|A few members of the 8th grade meet with three new citizens|
The House of Representatives has how many voting members? Which is NOT a Cabinet-level position? Who did the United States fight in World War II?
The above questions are examples of what is asked on a test to become a U.S. citizen. Have you taken the test that immigrants need to take to become a U.S. citizen? Mrs. Hodge’s eighth grade social studies class at Windham Middle School did and they did not pass. If these students wanted to become citizens of the United States, they would not have been able to join the land of the free and home of the brave. They would have had to wait and re-take the test again.
Whatever you do, don’t judge Mrs. Hodge’s eighth grade class before you have taken the test yourself – as a naturally born citizen of the U.S. whose first language is English. “What if you took this test and English was not the first language you spoke,” Mrs. Hodge asked the class when I visited them recently.
As a part of the required curriculum, Mrs. Hodge’s eighth grade class not only studied the process of becoming a U.S. citizen but attended the most recent Naturalization Ceremony that occurred at Windham High School on Friday morning, October 19.
There are at least four students in this class who have grandparents or parents who immigrated to the U.S., so they have some historical and close-up knowledge of what it takes to become an American. “My parents are from Poland,” explained student Alex Momet. “They met in an exchange program. The both worked at Point Sebago and liked it so much they decided to become citizens.”
When asked what the most challenging issue they faced, Momet stated it was learning to speak the language fluently.
There were also students whose grandparents immigrated from France and Italy as well as one student whose great grandmother escaped from a Jewish concentration camp during WWII and made America her home.
After learning about each other’s ancestry, studying the process of immigration and taking the required test to become an American citizen, the students had the opportunity to witness the Naturalization Ceremony. The middle school chorus sang the National Anthem and the middle school civil rights team helped to hand out the certificates to the new citizens.
Just as important, if not more so, members of the eighth-grade class had the opportunity to ask a few questions of the new citizens after the ceremony. Sadie Vanselette was one of those students.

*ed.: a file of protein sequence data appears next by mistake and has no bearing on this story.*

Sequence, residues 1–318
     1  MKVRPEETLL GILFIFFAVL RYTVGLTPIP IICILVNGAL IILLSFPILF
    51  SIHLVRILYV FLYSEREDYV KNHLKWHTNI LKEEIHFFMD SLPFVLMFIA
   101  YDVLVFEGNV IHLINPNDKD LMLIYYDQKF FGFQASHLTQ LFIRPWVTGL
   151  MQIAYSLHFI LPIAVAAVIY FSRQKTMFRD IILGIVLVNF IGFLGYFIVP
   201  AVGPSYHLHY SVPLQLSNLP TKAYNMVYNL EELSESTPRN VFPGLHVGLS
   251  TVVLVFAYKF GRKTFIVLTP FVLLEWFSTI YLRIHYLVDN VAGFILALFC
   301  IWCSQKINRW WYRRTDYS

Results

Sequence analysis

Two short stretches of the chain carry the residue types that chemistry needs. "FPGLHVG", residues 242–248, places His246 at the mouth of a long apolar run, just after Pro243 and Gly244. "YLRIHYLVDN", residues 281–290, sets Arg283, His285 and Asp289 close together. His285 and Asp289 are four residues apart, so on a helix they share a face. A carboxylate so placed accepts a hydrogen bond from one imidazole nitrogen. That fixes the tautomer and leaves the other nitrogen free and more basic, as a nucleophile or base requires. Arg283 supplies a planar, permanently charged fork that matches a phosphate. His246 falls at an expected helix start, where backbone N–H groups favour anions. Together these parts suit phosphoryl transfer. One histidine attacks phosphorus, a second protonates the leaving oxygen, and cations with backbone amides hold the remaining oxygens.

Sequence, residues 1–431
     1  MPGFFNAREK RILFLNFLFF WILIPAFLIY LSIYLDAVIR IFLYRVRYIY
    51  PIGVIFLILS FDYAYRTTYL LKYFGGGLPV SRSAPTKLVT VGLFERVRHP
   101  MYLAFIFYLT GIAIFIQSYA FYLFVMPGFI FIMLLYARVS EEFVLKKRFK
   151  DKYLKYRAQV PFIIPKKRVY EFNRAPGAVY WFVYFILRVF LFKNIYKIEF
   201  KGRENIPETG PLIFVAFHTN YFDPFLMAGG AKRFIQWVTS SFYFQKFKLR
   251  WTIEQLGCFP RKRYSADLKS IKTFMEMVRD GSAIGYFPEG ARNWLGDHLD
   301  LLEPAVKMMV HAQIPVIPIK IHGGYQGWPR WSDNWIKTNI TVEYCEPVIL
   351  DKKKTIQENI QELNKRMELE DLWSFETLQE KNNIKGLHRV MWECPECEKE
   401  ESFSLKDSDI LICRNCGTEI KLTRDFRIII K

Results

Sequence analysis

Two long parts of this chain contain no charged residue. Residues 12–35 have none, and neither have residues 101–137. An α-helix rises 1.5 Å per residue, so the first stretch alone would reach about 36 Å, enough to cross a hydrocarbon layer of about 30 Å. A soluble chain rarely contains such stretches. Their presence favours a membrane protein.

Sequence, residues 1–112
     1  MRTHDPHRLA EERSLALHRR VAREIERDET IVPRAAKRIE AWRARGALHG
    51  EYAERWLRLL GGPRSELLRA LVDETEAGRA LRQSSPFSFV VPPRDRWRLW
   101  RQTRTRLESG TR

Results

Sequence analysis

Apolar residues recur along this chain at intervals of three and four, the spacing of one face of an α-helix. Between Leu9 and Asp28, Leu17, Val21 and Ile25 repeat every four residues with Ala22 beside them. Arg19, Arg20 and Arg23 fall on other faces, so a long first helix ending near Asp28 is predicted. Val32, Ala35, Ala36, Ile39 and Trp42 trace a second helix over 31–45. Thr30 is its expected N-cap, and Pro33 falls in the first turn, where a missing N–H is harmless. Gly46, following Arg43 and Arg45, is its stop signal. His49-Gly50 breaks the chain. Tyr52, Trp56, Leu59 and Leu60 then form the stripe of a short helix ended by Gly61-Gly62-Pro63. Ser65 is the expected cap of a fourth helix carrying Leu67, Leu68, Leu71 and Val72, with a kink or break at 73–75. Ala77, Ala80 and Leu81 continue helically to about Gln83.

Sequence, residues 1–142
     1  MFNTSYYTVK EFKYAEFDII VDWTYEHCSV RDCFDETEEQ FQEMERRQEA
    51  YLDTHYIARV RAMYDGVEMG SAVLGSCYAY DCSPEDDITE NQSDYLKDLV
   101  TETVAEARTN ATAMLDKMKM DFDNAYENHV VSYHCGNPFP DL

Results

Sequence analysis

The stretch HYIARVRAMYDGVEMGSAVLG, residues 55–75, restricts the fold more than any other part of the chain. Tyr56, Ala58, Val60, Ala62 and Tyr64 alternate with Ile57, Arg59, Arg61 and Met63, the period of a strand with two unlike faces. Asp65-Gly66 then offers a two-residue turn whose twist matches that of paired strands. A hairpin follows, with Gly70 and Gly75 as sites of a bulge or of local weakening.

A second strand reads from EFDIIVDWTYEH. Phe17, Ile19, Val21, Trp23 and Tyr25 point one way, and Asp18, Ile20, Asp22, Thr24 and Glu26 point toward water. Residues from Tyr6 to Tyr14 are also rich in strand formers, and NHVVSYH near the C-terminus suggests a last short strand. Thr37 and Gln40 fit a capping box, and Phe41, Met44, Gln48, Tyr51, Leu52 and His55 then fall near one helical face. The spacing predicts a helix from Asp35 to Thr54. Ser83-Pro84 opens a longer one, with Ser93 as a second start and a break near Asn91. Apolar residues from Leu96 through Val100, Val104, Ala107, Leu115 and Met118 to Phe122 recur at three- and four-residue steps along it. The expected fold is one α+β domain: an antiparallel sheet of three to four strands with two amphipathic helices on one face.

“We learned some interesting stories,” Vanselette said. “There was one story from a person from Thailand who has been living here for 25 years on a green card. When he first arrived here, there were different laws about how long one could be here on a green card, but those laws have changed.
A couple of years ago, he went home to Thailand to visit his family and when he returned [to the U.S.], they almost didn’t let him come back in. Although he was legal, the laws had changed regarding those with green cards. But after doing some research, they [customs] realized he was legally able to return. He said it was this experience that made him decide to become a citizen.”
It should be noted that all permanent green card holder residents are tax residents but since they are not U.S. citizens, they do not have the right to vote. (For details regarding green card holders paying taxes on income earned, one should seek out an Immigration Law Attorney.)
The following are additional learning outcomes the students stated they had learned:
“I learned what people are willing to go through to become a citizen of this country. We have a lot to offer, such as freedom that most Countries do not have.” Liam Yates
“People are easily stereotyped. I saw people from different countries and religions congratulate each other. They didn’t let their differences stand in the way of becoming an American.” Devin O’Brien.
“I thought the new citizens were going to be young people. Although there were young people at the ceremony, I was surprised to see old people becoming citizens who want to end their life in peace.” Liam Yates
“I realized some became citizens to be with their families who were already here – while others were trying to get away from war torn countries and the U.S. was the best option for them.” Reagan McDougall
Ironically, after being told by those who had witnessed naturalization ceremonies that they might see tears of joy, the students were surprised that the ceremony they attended included nothing but celebration. “I saw much more happiness than I saw tears,” stated Vanselette.
“It’s true,” Mrs. Hodge agreed. “There were a lot of happy new citizens who joined us two weeks ago. It was something we could easily understand. Afterall, we smile in the same language.”
For those who might wonder about the answers to the questions above, they are as follows: 1) There are 435 voting members in the House of Representatives. 2) While countries from Brazil to Bhutan do, the U.S. does not have a Secretary of Communications. 3) Japan, Germany and Italy were known as the Axis powers. At their peak during World War II, they ruled much of Europe, Southeast Asia, and Africa.
These are only three answers to the questions on the official test that must be taken and passed by those who wish to become U.S. citizens. To see if you could pass the test as a naturally born U.S. citizen, take the test yourself by visiting the website at: .